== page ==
26 Feb 2024 World leisure: news, training & property
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Leisure Management
2014 issue 3

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Leisure Management - Term-time holidays


Term-time holidays

Is the UK government’s crackdown on term-time holidays damaging tourism?

Headteachers are no longer able to authorise requests for parents to take their children out of school during term time.

Reporting by Jak Phillips and Magali Robathan
In September 2013, legislation came into force meaning that headteachers are no longer able to authorise requests for parents to take their children out of school during term time. Previously, heads were able to use their discretion to authorise absences in ‘special circumstances’, which allowed some parents to take their children out of school for short breaks or holidays when prices were lower, however, under the new rules, parents can now be fined £60 per child per week for unauthorised absence.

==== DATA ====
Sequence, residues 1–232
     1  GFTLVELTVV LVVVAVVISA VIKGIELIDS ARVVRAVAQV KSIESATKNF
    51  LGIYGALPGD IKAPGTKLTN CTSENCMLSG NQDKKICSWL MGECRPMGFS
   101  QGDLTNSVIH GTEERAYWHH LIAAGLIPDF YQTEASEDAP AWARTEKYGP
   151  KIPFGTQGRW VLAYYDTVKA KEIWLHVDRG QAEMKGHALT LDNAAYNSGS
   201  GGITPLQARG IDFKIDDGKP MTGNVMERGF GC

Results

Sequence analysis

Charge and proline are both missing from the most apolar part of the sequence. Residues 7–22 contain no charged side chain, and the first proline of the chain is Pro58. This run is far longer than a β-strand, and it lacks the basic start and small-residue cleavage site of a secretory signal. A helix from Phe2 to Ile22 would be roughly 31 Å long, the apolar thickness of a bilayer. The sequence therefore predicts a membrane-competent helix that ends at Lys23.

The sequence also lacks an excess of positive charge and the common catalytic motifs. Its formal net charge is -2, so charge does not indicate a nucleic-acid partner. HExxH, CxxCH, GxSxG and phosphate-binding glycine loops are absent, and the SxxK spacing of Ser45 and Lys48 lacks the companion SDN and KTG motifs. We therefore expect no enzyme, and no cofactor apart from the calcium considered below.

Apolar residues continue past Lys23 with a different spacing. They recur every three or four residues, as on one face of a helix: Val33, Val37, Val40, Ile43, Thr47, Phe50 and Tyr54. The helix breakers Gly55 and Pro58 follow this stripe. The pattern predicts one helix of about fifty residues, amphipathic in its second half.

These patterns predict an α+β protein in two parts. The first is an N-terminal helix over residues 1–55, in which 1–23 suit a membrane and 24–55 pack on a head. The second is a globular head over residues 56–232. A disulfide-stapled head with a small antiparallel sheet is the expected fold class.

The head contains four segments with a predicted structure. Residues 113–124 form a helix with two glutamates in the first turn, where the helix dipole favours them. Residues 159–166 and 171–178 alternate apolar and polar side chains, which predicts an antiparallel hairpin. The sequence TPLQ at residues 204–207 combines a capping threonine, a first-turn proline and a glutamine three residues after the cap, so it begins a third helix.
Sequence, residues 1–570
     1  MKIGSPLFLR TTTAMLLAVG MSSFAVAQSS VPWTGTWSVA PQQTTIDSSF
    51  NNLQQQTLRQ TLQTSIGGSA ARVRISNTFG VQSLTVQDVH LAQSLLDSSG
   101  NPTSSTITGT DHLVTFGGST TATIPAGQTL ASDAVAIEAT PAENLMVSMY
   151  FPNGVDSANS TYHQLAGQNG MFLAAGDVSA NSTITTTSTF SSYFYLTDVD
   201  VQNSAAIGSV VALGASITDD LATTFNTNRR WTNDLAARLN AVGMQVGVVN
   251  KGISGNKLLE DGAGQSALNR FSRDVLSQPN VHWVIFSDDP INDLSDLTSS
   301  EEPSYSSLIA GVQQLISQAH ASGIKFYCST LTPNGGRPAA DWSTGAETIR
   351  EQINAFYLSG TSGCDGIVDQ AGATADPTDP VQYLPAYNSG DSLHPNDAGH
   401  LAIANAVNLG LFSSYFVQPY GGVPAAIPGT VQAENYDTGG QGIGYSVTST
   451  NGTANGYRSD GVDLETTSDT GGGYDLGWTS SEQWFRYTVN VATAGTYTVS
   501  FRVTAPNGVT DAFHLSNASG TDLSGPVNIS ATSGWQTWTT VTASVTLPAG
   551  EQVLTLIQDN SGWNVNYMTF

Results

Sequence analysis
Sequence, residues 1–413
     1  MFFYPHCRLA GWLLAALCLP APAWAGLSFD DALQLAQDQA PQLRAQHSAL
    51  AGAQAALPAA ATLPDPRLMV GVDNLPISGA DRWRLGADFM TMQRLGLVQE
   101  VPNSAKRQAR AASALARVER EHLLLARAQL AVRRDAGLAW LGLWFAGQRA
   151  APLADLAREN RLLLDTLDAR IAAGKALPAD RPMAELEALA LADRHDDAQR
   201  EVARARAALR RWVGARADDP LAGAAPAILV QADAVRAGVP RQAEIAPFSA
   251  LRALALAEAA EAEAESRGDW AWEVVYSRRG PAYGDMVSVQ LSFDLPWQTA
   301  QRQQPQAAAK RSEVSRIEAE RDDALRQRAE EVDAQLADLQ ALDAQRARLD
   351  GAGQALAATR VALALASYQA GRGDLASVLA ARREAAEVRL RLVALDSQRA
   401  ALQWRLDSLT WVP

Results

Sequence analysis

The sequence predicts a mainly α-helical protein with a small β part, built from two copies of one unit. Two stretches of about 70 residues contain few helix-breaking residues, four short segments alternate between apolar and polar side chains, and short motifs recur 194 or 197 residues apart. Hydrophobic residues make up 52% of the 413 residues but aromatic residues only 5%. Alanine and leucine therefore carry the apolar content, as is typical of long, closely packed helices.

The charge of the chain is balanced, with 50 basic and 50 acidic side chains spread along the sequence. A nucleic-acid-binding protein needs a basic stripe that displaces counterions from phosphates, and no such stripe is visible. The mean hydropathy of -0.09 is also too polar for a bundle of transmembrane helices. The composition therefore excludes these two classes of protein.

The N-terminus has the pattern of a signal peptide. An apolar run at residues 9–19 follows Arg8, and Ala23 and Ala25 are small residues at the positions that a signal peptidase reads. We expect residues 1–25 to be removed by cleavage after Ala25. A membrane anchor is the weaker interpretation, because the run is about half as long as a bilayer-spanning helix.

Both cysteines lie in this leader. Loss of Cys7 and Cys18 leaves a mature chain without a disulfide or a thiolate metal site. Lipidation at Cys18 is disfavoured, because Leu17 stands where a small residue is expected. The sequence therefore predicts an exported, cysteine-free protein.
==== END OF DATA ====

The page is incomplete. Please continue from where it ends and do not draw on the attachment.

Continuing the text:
Some parents are furious about this change, saying that it hits families who can’t afford to go away during the school holidays, when prices can be as much as double those during term time. In turn operators say the rules are affecting their businesses, and that they’re seeing a drop in the numbers of families taking shorter breaks out of season.

So are the new rules fair? What impact are they having on the tourism industry? And are tourism companies exploiting families by hiking up their prices during the school holidays, or is it a simple case of supply and demand, with organisations making money during the peak season to see them through the rest of the year?

We speak to some of those affected by the change to find out.

Our users think holiday companies are exploiting parents


Justine Roberts
Justine Roberts CEO Mumsnet

With the introduction of fines for taking children out of school during term-time combined with sky-high travel costs it feels like a lose-lose situation for parents. Three quarters of Mumsnet users think holiday companies are exploiting parents who have no choice about when they travel.